Imagine that you have a position in a stock that has been trading back and forth between 10 and 20. Chart-wise if the stock breaks below 10 it will have taken out support and may move significantly lower. On the other hand if it pushes above 20 it might run all the way up to 30. We are, of course, merely pulling numbers out of the air here to help make a point.

So… what do you do with your long position when the stock declines back towards but through 10? Common sense suggests that one should either be a buyer close to 10 or a seller below 10 if support fails. Yet, human nature being what it is, the tendency is to sell on weakness just in case support does not hold. At the other end of the spectrum you will usually find traders buying aggressively when the stock approaches 20 just in case this time is different and it breaks to the upside.

Our point is… that it is difficult to avoid both fear and greed. At present the markets appear to be trading off of a healthy dose of fear- likely for good reason given the all too recent collapse during the second half of 2008.

Below is a chart comparison between the sum of the Canadian and Australian dollar futures (CAD plus AUD) and 10-year Treasury yields.

Notice that yields ‘led’ the commodity currencies lower between 2007 and 2008. Month after month and quarter after quarter yields ‘said’ that growth was slowing even as crude oil futures prices soared upwards. The straw that finally broke the camel’s back occurred in mid-August when the commodity currencies finally buckled. We are focusing today on the point in time when the 50-day e.m.a. line crossed down through the 200-day e.m.a. line on or about August 14th of 2008.

The chart at right features the S&P 500 Index through the second half of 2008. The argument is that even though the equity markets were under pressure into the late summer of 2008 the stuff didn’t hit the fan in earnest until mid-August. Between mid-August and late November the SPX declined from 1300 down to a low close to 750.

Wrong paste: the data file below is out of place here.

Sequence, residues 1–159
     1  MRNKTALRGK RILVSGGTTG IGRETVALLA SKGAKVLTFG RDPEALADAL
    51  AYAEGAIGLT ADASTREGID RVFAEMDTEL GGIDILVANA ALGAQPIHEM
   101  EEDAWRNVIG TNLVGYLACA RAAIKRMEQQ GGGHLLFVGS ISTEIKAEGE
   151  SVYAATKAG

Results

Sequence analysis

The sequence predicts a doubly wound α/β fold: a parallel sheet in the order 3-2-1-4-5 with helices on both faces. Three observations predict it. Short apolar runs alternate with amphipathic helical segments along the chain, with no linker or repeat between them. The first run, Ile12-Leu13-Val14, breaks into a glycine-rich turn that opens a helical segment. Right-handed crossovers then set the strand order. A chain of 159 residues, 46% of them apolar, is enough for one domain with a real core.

The argument today is that the moving average lines for the sum of the CAD and AUD have not yet ‘crossed’. They almost did so last month  only to be rescued by U.S. dollar weakness and a rally in the Asian equity markets. To be fleeing the equity markets today may make perfect sense tomorrow, a week from now, or even next month but from this perspective it still looks like a rising trend fumbling with support rather than a collapsing trend similar to two years ago.



Equity/Bond Markets

We are going to drag forward the chart-based argument that we made on page 5 yesterday to give it another airing.

In some respects the current trend appears similar to 2002. In 2002 the spread between 10-year Treasury yields and 3-month TBill yields peaked around 3.7% at the end of the first quarter and then collapsed over the ensuing six months down to just above 2.0%.

This flattening of the yield curve due to falling long-term yields instead of rising short-term yields went with the final wave lower for the equity markets. The yield curve steadied out around the end of September with the SPX making its cycle bottom a week or two later in early October.

At bottom we show the current situation. The yield spread peaked around 3.8% at the end of March this year (very similar to 2002) and has spent close to 5 months grinding lower. If history were to repeat exactly the yield for 10-year Treasuries would squeeze down towards 2.1%- 2.2% over the next month to pull the spread back towards 2.0% given current TBill yields of roughly .15%.

So… based on the 2002 experience we should see ongoing pressure through the balance of the quarter with the SPX testing and possibly moving through the lows set at the end of this past June. The good news is that 1000- 1010 for the SPX is not as far away as it was only a few  trading days ago.

Below is a comparison between copper futures and the price spread or difference between the 30-year and 10-year Treasury futures.

The problem that we have at present is that the bond market is trading as if the world is coming to an end (notice the upward spike in the price spread similar to November of 2008) while copper prices hold near the highs. The bond market is ‘saying’ that copper might be better at 1.50 and copper is saying… that Asian growth is strong enough to shoulder the burden of a slowing U.S. economy.